Edit: it's for Stainless?
    I have never used this (AR/H mix) , but have heard of it.

    Short answer , yes it hotter.

    Long answer - Consequently, argon is a gas with high efficiency for shielding around the arc weld. ...
    It has also been found that the addition of hydrogen to argon promotes increased
    welding speed due to hydrogen significantly increasing the volume of molten material
    in the weld pool.

    Even longer answer : science direct article,

    https://www.sciencedirect.com/scienc...%20weld%20pool.
    Might be a good read with a mug of coffee/tea


    No real need to re invent the wheel on welding gases, what we currently have seems to work very well.
    True, I think most of the newer shielding gases are slight manipulations with smaller amounts of reactive elements , and compounds.
    I don't think the use of Hydrocarbon mixes will be some new revelation, especially if the come from a well, they might have a lot of other compounds in there, even after fractionation.


    @LtBadd - Does this work well on all stainless joints ? Wondering if this is better on thicker sections , or is it good on sheet metal too ?
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  19. #41
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    Re: Non-traditional shielding gases

    Quote Originally Posted by G-ManBart View Post
    Knoble?
    When I went to school they called them inert gases because they wouldn't combine with anything else... I guess the terminology is different given geography and generational differences... and spelling...
    The harder you fall, the higher you bounce...

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  20. #42
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    Re: Non-traditional shielding gases

    I use nitrogen for purging stainless tig welding often.
    Welds come out nice and shiny but with a gold hue to it. One of these days I'll get a hardness test done to see if there's any embrittlement going on. Haven't had any failures yet.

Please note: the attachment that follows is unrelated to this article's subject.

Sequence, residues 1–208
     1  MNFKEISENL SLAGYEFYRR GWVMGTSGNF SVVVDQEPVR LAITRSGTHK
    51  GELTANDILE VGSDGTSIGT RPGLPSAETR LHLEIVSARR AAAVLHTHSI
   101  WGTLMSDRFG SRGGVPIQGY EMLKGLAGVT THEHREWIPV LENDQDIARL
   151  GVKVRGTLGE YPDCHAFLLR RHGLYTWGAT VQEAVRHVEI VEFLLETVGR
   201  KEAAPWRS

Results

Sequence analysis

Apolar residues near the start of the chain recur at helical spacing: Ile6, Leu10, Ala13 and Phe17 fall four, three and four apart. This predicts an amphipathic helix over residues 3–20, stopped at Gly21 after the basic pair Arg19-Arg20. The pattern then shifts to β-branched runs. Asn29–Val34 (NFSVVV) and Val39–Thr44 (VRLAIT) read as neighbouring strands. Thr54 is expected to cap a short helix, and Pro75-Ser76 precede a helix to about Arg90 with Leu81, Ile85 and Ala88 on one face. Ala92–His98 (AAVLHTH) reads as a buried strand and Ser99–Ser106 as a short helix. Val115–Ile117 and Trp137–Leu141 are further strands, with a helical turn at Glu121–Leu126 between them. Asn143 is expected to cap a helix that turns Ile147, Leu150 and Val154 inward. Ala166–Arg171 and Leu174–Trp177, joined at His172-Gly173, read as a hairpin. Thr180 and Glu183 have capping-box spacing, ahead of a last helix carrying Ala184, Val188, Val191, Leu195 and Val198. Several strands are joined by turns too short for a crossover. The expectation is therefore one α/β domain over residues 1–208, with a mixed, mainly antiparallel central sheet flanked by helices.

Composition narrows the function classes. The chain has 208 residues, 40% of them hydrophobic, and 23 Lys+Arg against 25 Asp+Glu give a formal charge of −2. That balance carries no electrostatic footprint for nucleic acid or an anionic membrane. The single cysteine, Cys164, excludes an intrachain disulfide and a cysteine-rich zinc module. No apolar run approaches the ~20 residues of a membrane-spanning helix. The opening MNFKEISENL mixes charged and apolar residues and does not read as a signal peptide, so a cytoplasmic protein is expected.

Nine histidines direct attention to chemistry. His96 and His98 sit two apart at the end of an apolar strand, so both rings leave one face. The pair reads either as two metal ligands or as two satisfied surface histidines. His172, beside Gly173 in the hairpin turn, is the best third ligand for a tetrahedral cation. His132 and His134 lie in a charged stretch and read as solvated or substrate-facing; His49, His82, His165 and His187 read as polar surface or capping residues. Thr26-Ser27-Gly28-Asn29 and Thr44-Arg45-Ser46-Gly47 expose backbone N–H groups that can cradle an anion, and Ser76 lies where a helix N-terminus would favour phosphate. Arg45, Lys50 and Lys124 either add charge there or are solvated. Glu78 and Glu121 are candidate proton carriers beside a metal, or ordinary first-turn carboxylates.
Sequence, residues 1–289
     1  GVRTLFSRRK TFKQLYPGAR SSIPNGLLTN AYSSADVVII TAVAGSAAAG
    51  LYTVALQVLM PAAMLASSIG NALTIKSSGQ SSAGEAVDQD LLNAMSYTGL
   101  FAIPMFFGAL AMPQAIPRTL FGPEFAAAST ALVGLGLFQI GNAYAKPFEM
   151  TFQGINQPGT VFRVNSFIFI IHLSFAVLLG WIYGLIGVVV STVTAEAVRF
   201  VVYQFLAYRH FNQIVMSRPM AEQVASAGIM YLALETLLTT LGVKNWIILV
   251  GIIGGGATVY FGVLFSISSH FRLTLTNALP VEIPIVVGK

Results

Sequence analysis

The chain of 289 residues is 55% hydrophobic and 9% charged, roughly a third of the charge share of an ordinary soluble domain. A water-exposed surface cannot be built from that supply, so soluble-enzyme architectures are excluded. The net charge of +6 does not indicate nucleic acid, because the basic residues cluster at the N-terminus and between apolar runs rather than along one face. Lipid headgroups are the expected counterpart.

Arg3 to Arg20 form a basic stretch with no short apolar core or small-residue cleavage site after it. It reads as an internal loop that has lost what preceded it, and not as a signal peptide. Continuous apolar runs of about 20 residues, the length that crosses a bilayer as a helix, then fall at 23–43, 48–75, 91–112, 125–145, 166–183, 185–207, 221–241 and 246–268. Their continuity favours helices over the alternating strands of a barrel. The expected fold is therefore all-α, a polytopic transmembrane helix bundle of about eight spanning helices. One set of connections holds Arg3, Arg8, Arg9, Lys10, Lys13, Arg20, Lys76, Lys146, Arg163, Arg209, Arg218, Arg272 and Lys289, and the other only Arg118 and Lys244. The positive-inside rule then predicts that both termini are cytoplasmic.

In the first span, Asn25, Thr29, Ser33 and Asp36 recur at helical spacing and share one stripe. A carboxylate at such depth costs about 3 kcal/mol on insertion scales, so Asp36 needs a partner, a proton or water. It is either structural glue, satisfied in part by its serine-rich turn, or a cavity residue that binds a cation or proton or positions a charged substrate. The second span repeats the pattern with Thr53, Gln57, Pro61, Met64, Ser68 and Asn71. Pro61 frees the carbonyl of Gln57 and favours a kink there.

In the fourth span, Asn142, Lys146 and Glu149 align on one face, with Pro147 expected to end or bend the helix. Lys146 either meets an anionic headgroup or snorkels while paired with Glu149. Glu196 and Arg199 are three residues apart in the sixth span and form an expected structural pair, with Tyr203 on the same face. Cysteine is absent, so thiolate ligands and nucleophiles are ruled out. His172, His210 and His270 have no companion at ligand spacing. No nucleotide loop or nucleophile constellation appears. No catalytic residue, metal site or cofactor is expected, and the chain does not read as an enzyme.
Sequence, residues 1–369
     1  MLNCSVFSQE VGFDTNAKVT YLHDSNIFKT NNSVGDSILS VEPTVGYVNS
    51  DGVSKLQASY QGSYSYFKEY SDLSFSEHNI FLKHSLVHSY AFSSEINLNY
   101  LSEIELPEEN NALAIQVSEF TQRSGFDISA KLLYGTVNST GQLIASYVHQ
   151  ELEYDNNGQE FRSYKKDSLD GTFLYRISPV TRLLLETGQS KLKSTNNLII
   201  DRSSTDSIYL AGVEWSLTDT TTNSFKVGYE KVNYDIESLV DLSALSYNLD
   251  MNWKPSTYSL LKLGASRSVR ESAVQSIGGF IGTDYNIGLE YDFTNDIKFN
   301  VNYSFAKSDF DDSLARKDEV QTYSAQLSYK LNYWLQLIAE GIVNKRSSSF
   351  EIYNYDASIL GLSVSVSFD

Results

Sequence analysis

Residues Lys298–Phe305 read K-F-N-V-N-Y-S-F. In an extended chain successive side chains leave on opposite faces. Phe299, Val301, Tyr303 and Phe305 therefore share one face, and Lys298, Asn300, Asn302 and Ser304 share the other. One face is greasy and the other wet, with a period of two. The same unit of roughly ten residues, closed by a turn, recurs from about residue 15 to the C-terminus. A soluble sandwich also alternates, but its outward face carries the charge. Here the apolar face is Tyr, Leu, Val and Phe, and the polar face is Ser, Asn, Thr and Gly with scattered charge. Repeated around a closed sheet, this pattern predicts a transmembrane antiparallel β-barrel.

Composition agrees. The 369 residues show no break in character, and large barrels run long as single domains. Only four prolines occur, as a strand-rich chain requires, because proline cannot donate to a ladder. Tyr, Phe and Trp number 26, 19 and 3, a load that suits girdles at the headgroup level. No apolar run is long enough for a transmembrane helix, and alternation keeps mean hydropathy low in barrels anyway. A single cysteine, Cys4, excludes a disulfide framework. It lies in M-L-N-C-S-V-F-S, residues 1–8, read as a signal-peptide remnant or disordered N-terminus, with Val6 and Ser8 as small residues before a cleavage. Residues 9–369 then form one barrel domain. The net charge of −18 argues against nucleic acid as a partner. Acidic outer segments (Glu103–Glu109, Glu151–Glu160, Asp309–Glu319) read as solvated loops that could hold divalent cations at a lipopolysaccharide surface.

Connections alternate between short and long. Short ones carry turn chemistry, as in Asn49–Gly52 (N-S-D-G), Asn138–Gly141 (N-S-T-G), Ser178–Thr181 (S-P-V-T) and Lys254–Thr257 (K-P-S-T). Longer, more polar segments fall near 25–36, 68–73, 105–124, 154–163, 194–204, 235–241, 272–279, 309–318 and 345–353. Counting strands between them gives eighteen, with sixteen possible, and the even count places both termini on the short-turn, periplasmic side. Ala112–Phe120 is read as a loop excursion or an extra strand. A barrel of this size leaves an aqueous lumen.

21. #43
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    Re: Non-traditional shielding gases

    Quote Originally Posted by albrightree View Post


    @LtBadd - Does this work well on all stainless joints ? Wondering if this is better on thicker sections , or is it good on sheet metal too ?
    No need to use for thinner material, although you could increase travel speed a fair amount.

    @ Insaneride

    "The Linde HydroStar® shielding gas blends are primarily used for joining austenitic stainless steels utilizing the Gas Tungsten Arc Welding (GTAW or TIG) process. Hydrogen increases heat input to the base materials while providing a reducing atmosphere to enhance weld cleanliness"

    "A strong arc-voltage drop is produced by higher ionization energy and higher thermal conductivity of hydrogen if compared to argon. Thus this increased power leads to higher penetration of the weld joints. Thus, productivity can be improved by using higher travel speed without compromising to cost and quality. Also as hydrogen is reducing in nature it will lead to clean weld."

    "This Argon – Hydrogen shielding gas mixture is only recommended with Austenitic stainless steel material. As with other materials, defects due to hydrogen may be prevalent. For welding of Austenitic stainless steel material Argon-hydrogen mixture can be seen as best option instead of using Helium as shielding gas"